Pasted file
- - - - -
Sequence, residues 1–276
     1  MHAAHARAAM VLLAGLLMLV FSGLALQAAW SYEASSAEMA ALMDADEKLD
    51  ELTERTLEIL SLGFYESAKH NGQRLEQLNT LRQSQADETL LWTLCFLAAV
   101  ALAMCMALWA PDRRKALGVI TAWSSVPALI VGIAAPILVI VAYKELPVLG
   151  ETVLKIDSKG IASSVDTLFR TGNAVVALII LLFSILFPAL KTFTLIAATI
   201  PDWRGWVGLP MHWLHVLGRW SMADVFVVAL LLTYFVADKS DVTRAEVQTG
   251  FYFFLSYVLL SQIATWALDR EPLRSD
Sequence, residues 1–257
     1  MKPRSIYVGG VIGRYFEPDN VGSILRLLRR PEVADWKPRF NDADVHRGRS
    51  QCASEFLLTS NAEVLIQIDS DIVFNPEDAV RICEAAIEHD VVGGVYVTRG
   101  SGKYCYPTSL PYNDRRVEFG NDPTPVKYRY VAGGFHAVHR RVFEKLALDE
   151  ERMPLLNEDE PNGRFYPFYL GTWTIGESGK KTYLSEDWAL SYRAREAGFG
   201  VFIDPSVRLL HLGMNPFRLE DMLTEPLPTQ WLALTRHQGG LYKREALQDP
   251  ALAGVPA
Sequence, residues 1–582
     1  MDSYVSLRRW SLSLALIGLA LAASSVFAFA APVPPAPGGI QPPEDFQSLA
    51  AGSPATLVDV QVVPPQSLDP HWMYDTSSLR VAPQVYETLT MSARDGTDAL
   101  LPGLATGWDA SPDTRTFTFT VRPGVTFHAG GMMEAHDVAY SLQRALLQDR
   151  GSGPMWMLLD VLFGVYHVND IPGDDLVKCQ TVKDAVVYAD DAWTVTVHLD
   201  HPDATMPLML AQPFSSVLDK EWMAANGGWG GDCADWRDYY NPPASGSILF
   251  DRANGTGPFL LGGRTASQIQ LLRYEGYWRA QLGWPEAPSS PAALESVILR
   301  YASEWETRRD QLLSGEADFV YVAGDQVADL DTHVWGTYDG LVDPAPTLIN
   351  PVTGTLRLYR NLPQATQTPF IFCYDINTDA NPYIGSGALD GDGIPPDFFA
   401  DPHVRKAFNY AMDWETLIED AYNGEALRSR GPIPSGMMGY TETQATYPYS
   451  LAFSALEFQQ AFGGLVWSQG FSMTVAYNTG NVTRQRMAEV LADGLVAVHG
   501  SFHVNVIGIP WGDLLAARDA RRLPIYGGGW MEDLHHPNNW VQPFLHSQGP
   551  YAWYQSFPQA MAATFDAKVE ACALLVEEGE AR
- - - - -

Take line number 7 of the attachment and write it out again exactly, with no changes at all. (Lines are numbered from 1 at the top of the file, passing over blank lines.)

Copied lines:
   251  FYFFLSYVLL SQIATWALDR EPLRSD